Those who know David Einhorn say he is both friendly and disarming, but you wouldn't want to be across a poker table from him.

"You think of hedge fund guys as being full of themselves and he's not," said David Golub, vice chairman of Golub Capital, who sits on a charity board with Einhorn. "He's a brilliant investor, but if you were having a conversation with him, he comes across as funny, self-effacing and modest. That's who he is."

But that doesn't fully explain the Wall Street success of the prospective minority partner in the New York Mets. "He's an extremely competitive person who doesn't lose," Golub said.

 

No say in management

When Einhorn came forward Thursday, he indicated he was comfortable putting in his $200 million and letting the Mets' financially strapped owners, Fred and Jeff Wilpon and Saul Katz, call the shots. "I'm just looking forward to working with them," he told reporters in a conference call.

Still, the immediate buzz among sports business experts was that he could walk away with the team. "Right now, he's just paying for the most expensive season ticket," Wayne McDonnell, an associate professor of sports management at New York University Friday. "This is probably phase one of a grander plan he has in mind."

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And now reports of emerging details of the deal being negotiated spell out such a possible scenario. The New York Times website and ESPNNewYork.com, each citing an unnamed source with knowledge of the talks, reported yesterday that the agreement, not yet finalized, would have Einhorn buy roughly 33 percent of the team for $200 million. In three years, they quoted a source as saying, Einhorn could raise his stake to 60 percent, or principal owner Fred Wilpon and his family could retain majority ownership by repaying the $200 million investment and still allow Einhorn to keep the 33 percent share.

Einhorn, who was at the Mets game last night, declined to comment through a spokesman.

The Mets organization yesterday said in a statement: "We have entered into an exclusive negotiating agreement with Mr. Einhorn. Per the terms of that agreement, the substance of the negotiations is strictly confidential."

If Einhorn ends up with a majority share, it may become a case of a nice guy, as described by both long-term associates and poker acquaintances, finishing first. To be sure, a nice guy who played hardball in building his $7.8-billion hedge fund. He famously, and loudly, bet in 2008 that the stock of Lehman Brothers would plummet, cashing in when that giant of the financial game melted down.

Fred G. Weiss, managing director of FGW Associates, a consulting firm, has known Einhorn, 42, for a decade. Weiss calls him "incredibly down-to-earth," lighthearted and generous.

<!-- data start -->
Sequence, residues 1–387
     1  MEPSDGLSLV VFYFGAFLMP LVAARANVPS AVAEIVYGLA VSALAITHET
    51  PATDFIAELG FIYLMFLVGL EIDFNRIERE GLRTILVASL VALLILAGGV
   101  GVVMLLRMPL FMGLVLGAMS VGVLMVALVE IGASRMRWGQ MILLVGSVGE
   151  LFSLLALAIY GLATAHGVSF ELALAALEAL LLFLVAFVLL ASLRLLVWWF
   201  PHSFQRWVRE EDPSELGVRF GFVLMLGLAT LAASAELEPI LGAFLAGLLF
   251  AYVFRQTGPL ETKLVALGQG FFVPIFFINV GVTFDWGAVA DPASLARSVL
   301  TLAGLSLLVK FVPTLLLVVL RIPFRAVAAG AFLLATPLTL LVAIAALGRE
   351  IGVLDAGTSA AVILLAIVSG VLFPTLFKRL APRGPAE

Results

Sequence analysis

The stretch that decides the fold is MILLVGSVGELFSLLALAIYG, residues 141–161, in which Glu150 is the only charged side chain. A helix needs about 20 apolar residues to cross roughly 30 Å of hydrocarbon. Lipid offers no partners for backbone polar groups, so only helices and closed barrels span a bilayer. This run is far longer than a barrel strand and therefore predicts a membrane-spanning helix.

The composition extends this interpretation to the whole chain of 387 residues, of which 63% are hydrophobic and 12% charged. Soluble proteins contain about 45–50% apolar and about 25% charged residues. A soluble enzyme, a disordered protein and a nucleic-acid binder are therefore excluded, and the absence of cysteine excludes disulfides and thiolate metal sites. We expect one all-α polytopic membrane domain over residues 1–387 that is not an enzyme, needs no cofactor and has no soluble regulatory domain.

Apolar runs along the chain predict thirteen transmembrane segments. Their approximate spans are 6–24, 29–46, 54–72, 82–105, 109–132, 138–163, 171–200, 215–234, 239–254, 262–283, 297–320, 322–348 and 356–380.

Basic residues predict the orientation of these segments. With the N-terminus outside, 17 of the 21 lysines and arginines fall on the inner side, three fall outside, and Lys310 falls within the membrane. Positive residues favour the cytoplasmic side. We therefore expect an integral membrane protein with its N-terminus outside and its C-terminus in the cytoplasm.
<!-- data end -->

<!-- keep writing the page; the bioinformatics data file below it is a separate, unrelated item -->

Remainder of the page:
"He is never pretentious," Weiss said. "I can't remember seeing David in a tie. He is about the furthest thing from a prima donna that you would expect."

Weiss said he never plays cards with his friend -- perhaps a wise move since Einhorn finished 18th in the World Series of Poker tournament in Las Vegas in 2006, walking away with $659,730. He donated the money to the Michael J. Fox Foundation for Parkinson's Research, on which Einhorn sits on the board with Golub and Weiss.

"It's the reason I've run the finance committee," said Weiss. "I'd rather have him playing for someone else on our side than play against him."

 

Charity participation

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Daniel Nir, managing partner of Gracie Capital and primary fundraiser for the Tomorrows Children's Fund, counts Einhorn among his biggest donors. Einhorn speaks at the charity's events every year.

"He's confident, friendly and approachable," Nir said. "The guy has a very, very analytical mind."

Dan Nassif, a St. Louis businessman who finished ninth in that same poker tournament, with $1.6 million, spent hours playing at the same table as Einhorn.

"I had no idea who he was," Nassif said. "He was very laid back, respectful and down-to-earth. He was a solid, solid player. I remember he knew the math. You could tell that. He was definitely a player you had to look out for."

And so it may be if Einhorn finalizes his deal to buy a minority stake in the Mets. While that will relieve the team's debt burden, the Wilpons and Katz still are battling to keep the trustee in the Bernard Madoff case from recouping hundreds of millions of dollars from them.

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Einhorn's investment is a "win-win," NYU's McDonnell said. Even if the Madoff cloud lifts, Einhorn will still have his piece of the franchise and will have taken a step toward controlling ownership in the longer run.

Smith College sports business expert Andrew Zimbalist said Einhorn is betting on the Mets' value improving.

"He sees that as a solid investment opportunity going forward. He's buying a distressed asset. He's an investor -- and he's a risk taker," Zimbalist said.

Even if the Wilpons can hang on to the team in the near term, he noted, there could come a point where Jeff Wilpon, as heir apparent, chooses to sell the controlling interest after he inherits it from his father, Zimbalist said.

With John Riley, Neil Best and James T. Madore